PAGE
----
Satellite observations provide new insight into sea level rise

Parts of New Zealand are sinking at faster rates than others and will be subjected to higher levels of future sea level rise, new research from Victoria University of Wellington suggests.

The just-published tectonic research provides new information about how different parts of New Zealand are either rising or subsiding in relation to the centre of the earth.

Data were collected by Geonet’s GPS recorders between 2000 and 2015, and the first map has been produced of relative vertical movements of the Earth’s surface based on measurements at 189 locations across the country.

Analysis of the data shows that parts of New Zealand, like the North Island’s east coast, have subsided at rates as high as three millimetres per year for the past 15 years.

This means this region is effectively subjected to a maximum sea level rise of up to six millimetres per year, which is twice the global average.

Co-author Professor Tim Stern from Victoria’s School of Geography, Environment and Earth Sciences says other parts of New Zealand are rising.

“For example, along parts of the Bay of Plenty coast, the Whanganui coast and south to the Kapiti region, and along the Otago, Westland and Southland coastlines, there are small rises of one millimetre per year or less. This means that sea level rise in these areas will be less than the global average.

“The data also show inland areas of the South Island and the Southern Alps are rising by up to six millimetres per year, while in the Rotorua area there is a remarkable subsidence rate of 15 millimetres per year. Most of these areas of subsidence and uplift can be explained through our knowledge of plate tectonic processes occurring in New Zealand.”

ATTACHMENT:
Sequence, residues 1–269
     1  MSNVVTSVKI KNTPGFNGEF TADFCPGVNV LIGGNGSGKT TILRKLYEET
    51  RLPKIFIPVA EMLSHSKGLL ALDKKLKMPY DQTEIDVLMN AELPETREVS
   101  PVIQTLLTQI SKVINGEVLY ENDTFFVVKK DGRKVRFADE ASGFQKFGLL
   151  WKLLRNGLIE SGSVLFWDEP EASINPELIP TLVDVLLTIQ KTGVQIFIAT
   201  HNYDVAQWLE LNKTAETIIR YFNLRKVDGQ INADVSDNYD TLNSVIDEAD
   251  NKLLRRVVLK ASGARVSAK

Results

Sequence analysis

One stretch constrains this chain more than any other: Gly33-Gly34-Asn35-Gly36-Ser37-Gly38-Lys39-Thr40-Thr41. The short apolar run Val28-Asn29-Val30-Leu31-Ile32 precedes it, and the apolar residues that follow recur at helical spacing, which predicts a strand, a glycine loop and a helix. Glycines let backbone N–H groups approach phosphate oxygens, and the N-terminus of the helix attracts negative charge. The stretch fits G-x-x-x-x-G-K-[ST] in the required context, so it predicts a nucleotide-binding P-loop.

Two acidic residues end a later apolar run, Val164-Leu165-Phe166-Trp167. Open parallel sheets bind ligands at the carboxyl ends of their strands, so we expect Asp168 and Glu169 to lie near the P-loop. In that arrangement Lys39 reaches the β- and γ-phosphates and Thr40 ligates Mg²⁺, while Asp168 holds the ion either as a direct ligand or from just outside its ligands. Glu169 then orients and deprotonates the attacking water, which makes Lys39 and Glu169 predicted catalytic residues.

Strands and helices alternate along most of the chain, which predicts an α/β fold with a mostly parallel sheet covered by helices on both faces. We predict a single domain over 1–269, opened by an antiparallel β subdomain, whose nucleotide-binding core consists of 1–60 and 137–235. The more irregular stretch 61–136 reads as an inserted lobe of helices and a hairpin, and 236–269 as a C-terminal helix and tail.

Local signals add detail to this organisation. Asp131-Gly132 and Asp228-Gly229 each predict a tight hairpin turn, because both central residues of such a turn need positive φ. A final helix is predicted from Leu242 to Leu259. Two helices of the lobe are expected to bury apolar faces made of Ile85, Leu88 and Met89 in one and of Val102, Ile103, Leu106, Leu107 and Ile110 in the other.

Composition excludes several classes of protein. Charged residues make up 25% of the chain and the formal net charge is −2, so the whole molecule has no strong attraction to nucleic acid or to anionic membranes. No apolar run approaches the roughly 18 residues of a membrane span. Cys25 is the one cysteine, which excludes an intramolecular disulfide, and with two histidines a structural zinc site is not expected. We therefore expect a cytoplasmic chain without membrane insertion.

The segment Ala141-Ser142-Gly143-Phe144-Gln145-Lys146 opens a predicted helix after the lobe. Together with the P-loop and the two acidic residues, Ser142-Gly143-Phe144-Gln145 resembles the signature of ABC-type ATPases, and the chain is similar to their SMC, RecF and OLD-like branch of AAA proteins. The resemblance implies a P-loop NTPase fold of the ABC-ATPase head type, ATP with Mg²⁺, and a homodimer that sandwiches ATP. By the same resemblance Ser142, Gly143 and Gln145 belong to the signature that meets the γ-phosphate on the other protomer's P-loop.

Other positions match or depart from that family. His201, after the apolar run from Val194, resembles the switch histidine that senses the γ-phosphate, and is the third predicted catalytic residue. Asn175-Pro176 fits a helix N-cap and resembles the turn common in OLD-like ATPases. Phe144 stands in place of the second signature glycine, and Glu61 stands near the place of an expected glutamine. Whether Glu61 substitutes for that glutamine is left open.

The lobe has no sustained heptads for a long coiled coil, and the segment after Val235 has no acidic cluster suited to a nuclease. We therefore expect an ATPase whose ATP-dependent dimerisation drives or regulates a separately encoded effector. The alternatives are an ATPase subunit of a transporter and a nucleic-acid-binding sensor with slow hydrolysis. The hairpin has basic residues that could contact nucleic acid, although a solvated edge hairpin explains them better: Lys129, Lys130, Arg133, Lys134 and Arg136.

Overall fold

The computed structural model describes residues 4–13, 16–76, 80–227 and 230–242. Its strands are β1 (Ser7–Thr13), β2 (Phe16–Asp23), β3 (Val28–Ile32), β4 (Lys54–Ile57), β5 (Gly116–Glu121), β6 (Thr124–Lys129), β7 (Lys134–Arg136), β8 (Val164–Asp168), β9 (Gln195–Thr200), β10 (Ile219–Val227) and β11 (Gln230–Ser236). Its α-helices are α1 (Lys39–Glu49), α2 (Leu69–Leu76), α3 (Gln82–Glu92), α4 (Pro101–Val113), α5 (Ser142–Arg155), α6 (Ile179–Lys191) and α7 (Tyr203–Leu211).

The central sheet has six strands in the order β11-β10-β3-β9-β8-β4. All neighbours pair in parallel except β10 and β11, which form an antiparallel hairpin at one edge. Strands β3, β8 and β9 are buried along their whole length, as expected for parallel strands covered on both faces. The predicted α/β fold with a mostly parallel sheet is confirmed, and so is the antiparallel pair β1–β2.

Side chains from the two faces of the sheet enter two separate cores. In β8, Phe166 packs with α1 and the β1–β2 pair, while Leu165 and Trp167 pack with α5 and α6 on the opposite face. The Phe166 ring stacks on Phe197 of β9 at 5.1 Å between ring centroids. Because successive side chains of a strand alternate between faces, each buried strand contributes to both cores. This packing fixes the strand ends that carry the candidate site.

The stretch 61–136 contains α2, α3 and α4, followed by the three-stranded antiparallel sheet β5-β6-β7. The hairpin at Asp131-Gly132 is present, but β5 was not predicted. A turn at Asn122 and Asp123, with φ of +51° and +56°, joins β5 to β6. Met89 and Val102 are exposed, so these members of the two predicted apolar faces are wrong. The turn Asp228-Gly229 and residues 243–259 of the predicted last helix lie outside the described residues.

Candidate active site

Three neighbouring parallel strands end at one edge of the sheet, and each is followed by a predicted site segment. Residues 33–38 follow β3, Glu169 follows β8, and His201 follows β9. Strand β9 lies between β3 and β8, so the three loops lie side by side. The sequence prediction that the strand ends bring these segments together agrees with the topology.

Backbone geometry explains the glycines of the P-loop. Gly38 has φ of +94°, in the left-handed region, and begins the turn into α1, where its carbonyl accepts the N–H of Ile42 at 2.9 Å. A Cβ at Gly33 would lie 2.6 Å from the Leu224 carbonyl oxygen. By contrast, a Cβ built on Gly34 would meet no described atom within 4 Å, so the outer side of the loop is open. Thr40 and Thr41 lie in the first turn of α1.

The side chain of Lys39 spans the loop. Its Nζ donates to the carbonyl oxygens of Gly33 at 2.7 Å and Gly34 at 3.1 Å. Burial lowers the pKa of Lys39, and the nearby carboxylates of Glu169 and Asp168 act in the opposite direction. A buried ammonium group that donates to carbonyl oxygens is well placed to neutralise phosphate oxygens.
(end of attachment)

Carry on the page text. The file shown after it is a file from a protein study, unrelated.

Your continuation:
Professor Stern says the research is a good start to understanding New Zealands’s exposure to sea level rise.

“It is well accepted that global warming is a major factor causing present-day global sea levels to be rising by two to three millimetres a year. What’s less known, however, is that in some places, such as New Zealand, tectonic processes can locally add to the land subsidence, whereas elsewhere they act to negate it.

“This new information should be a key input into planning to mitigate coastal erosion and to enhance our resilience to sea level change. In five to ten years, we will have even more information from the GPS technology to add to this knowledge.”

The research, co-authored by Professor Stern and Dr Nicolas Houlié from ETH-Zurich, Switzerland, has recently been published online in Earth and Planetary Science Letters.

Professor Stern says last weeks earthquake and uplift of the Kaikoura-Cape Campbell region is a reminder that that earthquake events can suddenly reverse the decades-long subsidence seen in parts of eastern North Island.

For more information contact Professor Tim Stern on 04-463 5112 or, or Dr Nicolas Houlié on

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